The Value of Compounding With a Self-Directed IRA

Unlike traditional “defined benefit” retirement plans (such as the pension plans that promise to pay you a fixed sum every month for the rest of your life after you retire), you’re responsible for deciding how much to contribute to your self-directed IRA each year. Obviously there’s a direct correlation between the amount you contribute to your self-directed IRA each year and how much you are able to retire with; the more you contribute, the more you’re likely to have when you retire.

Similarly, making the best possible investment decisions within your self-directed IRA can help you grow your account balance as large as possible. Within the IRA structure, you can choose ultra-safe or ultra-risky investments, or anything in between, in an effort to reach your ultimate goal. With a self-directed IRA you can choose investments in real estate, precious metals or private equity and loans – whatever is most appropriate for your individual situation.

But some people don’t fully appreciate the value that compounding (in other words, the value of time) will ultimately have on their self-directed IRA account balances. As an example, let’s consider the situation of an individual who opens their self-directed IRA when they get their first job. Let’s assume this individual contributes $5,000 a year to the account for each of the first 10 years that they are in the workforce. Assuming a 7% simple rate of return, their account balance will be roughly $74,000 at the end of those 10 years (not including any account fees).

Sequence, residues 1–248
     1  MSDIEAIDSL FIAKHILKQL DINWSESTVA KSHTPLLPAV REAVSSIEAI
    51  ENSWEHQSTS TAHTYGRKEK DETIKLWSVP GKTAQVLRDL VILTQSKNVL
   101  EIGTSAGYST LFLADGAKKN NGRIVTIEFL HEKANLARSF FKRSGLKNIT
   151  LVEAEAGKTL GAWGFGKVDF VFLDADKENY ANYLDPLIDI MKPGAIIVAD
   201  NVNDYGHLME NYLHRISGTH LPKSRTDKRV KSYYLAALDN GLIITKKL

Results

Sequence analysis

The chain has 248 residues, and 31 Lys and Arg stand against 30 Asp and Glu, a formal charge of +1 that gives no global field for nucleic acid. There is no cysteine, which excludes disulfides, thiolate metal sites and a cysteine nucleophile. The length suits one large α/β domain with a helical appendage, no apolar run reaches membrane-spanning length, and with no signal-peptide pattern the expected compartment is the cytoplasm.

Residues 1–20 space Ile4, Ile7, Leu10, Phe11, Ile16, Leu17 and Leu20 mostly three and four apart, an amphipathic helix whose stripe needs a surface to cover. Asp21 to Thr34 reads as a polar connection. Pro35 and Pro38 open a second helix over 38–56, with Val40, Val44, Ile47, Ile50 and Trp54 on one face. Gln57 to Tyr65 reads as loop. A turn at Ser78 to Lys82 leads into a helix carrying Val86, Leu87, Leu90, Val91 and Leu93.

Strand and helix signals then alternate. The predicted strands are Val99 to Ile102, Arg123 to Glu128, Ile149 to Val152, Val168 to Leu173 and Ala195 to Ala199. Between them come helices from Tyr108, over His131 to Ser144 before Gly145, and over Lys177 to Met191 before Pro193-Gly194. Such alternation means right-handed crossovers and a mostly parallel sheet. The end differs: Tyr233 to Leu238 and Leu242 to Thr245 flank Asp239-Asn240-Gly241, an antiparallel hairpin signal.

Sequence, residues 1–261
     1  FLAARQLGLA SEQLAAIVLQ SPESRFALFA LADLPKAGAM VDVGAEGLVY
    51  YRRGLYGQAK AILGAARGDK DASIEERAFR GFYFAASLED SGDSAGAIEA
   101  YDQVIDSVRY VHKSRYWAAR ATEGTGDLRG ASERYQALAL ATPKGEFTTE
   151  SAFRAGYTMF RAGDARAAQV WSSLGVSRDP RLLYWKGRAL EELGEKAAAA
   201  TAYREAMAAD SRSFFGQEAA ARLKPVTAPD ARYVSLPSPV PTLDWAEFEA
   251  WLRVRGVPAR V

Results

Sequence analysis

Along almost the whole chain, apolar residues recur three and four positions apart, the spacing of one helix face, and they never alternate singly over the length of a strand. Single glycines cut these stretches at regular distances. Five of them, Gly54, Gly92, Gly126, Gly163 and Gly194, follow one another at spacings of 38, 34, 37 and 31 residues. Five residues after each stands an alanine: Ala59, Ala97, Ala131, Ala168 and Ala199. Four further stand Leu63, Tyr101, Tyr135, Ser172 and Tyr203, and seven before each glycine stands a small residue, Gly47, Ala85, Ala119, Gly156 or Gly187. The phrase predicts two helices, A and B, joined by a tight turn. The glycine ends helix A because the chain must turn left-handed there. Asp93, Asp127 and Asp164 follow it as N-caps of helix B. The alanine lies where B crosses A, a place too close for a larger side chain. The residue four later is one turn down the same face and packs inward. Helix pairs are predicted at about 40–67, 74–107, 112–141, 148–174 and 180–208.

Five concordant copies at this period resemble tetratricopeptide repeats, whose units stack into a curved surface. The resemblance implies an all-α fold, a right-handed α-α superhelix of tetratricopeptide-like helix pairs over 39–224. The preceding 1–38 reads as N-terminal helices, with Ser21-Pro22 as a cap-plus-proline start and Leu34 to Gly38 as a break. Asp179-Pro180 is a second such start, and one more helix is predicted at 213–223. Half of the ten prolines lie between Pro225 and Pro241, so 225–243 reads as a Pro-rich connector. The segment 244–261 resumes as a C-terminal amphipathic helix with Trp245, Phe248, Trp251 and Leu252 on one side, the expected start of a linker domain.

But let’s say that person never contributes another dollar after year 10. Assuming the same 7% rate of return (and not taking into account any applicable custodial fees), after 25 more years the account balance will have grown from roughly $74,000 to over $400,000.

This is the power of compounding.

The longer you give your account to grow, the more it can gain each year, even if you don’t make any additional contributions.

This isn’t to say that your contributions are not important, or that you shouldn’t be doing everything you reasonably can to maximize your contributions each and every year. In fact, quite the opposite is true. The more you can contribute, the greater the compounding effect you’ll experience over time.

There are several easy to understand and follow take away points that flow from this concept. The first is that you should open your account as soon as possible – this gives the greatest amount of time to grow. The second is that you should contribute as much as possible each year, but especially during the early years that your account is opened. Finally, with all other factors being equal, you should open a self-directed Roth IRA instead of a self-directed traditional IRA; you won’t be subject to the rules on required minimum distributions, so your account can continue to grow four more years.

If you’d like to discuss these concepts further, contact Quest Trust Company.

Quest Trust Company helps change people’s lives and financial future through self-directed IRA investment education. Quest Trust Company helps people invest in what they know best and build their financial future on their own terms.

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